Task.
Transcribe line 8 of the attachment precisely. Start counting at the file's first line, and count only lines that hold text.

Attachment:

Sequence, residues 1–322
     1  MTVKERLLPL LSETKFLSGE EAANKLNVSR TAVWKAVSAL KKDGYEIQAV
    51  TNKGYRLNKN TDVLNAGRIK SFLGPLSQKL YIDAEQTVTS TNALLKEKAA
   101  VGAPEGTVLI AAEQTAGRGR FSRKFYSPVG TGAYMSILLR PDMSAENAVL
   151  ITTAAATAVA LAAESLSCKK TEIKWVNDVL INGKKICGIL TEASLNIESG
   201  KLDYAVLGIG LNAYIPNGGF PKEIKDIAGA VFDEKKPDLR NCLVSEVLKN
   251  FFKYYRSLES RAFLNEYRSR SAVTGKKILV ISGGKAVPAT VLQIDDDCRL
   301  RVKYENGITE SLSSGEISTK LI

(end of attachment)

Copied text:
   301  RVKYENGITE SLSSGEISTK LI